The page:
While battling with the COVID-19 pandemic outbreak, the Ministry of Ayush has started free distribution of drug - AYUSH 64 at many locations in Delhi since last week. In a release, the ministry said that from May 10 (Monday) onwards, seven more centres will become operational. The ministry said that those COVID-19 patients who are in home isolation or are staying at some government/NGO arranged isolation centres can benefit from this initiative of the Ministry of Ayush.
The seven centres where the drug will be available to asymptomatic, mild and moderate COVID-19 patients from Monday onwards are as follows:
All India Institute of Ayurveda(AIIA), Sarita Vihar (9.30 am – 1.00 pm)
Morarji Desai National Institute of Yoga, Ashoka Road (all seven days, 8.30 am – 4.30 pm)
Regional Research Institute of Unani Medicine, Abul Fazal Enclave Part-1, Jamia Nagar, Okhla (9 am – 5 pm)
Unani Medical Centre, Room no. 111-113, Main OPD Building, First Floor, Gate no. 7, Safdarjung Hospital(9 am – 4 pm)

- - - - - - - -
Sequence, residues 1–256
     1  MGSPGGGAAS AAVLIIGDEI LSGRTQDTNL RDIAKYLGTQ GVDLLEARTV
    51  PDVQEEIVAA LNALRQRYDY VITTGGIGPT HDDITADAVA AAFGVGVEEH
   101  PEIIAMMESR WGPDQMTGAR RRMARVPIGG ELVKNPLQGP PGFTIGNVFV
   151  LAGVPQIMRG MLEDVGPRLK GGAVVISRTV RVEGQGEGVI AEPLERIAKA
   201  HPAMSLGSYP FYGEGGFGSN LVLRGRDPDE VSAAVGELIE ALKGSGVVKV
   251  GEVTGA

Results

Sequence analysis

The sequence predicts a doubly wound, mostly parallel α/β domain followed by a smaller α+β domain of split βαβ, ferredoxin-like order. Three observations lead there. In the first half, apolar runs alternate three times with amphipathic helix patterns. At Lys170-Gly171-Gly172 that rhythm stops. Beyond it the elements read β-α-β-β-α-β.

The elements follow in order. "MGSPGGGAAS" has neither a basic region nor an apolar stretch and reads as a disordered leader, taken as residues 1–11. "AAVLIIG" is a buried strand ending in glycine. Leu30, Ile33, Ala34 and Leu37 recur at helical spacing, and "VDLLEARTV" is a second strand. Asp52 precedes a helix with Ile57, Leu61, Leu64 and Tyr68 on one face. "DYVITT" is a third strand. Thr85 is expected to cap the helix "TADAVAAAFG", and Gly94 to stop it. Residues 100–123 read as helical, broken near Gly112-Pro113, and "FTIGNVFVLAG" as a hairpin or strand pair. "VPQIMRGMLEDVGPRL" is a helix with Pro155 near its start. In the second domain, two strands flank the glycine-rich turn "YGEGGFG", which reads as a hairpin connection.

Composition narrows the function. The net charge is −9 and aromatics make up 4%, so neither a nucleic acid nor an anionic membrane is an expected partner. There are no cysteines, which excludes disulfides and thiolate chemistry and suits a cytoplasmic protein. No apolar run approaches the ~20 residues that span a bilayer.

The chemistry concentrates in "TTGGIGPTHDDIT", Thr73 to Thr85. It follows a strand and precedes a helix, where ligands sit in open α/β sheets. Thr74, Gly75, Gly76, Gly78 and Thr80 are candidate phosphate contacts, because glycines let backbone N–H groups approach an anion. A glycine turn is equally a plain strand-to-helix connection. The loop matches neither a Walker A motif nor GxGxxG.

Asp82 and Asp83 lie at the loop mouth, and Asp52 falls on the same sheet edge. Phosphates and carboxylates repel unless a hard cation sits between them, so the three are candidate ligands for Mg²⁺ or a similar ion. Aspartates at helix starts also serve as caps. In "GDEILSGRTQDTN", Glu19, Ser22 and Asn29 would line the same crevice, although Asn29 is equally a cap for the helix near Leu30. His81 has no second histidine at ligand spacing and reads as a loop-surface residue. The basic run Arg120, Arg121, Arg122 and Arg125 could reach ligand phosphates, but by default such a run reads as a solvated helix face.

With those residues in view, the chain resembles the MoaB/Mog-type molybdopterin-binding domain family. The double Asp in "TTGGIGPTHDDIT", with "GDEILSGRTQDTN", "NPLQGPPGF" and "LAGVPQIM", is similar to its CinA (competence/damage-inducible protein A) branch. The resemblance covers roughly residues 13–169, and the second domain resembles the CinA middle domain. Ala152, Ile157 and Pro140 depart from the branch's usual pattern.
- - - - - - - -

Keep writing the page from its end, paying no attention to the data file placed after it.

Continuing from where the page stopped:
Unani Speciality Clinic, Dr. M A Ansari Health Centre, Jamia MIllia Islamia (9 am – 4.30 pm)
Central Ayurveda Research Institute, Street no. 66, Punjabi Bagh (9.30 – 4 pm)
Central Council for Research in Yoga and Naturopathy, opp. D-block, Janakpuri (9 am – 12 pm).
Besides, the Naturopathy Hospital of CCRYN in sector 19 in Rohini will also start distributing free AYUSH 64 from Wednesday (9 am – 12 noon).
The patients or their representatives can visit these centres with the hard or soft copies of patient’s RT PCR positive report and Aadhar Card to get a free pack of AYUSH 64 tablets. Replenishment, if and when required, will also be provided free of cost.
Given the rise in the cases of COVID-19 in India, the Ayush Ministry has taken steps to increase the availability of Polyherbal drug AYUSH 64 across the country. As per the ministry, the drug has been found very useful in treating mild to moderate cases of Covid-19 in clinical trials.
The polyherbal Ayurvedic medicine meant for treating of COVID-19 has been one of the most significant developments. Originally developed in 1980 for treatment of malaria, it complies with all regulatory requirements and quality and pharmacopoeial standards. CCRAS recently concluded extensive robust clinical trials of the drug focusing on the management of asymptomatic, mild to moderate coronavirus in collaboration with the Council of Scientific and Industrial Research (CSIR) and many other research organizations and medical colleges across the country.